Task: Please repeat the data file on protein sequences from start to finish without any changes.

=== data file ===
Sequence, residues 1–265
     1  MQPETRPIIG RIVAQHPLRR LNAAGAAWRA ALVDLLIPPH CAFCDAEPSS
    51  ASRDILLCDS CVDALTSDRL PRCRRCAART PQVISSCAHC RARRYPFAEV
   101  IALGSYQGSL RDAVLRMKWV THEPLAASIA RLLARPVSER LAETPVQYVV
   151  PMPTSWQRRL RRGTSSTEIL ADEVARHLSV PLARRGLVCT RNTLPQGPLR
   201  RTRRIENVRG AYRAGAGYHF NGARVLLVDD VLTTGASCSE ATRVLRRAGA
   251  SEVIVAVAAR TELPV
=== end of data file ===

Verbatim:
Sequence, residues 1–265
     1  MQPETRPIIG RIVAQHPLRR LNAAGAAWRA ALVDLLIPPH CAFCDAEPSS
    51  ASRDILLCDS CVDALTSDRL PRCRRCAART PQVISSCAHC RARRYPFAEV
   101  IALGSYQGSL RDAVLRMKWV THEPLAASIA RLLARPVSER LAETPVQYVV
   151  PMPTSWQRRL RRGTSSTEIL ADEVARHLSV PLARRGLVCT RNTLPQGPLR
   201  RTRRIENVRG AYRAGAGYHF NGARVLLVDD VLTTGASCSE ATRVLRRAGA
   251  SEVIVAVAAR TELPV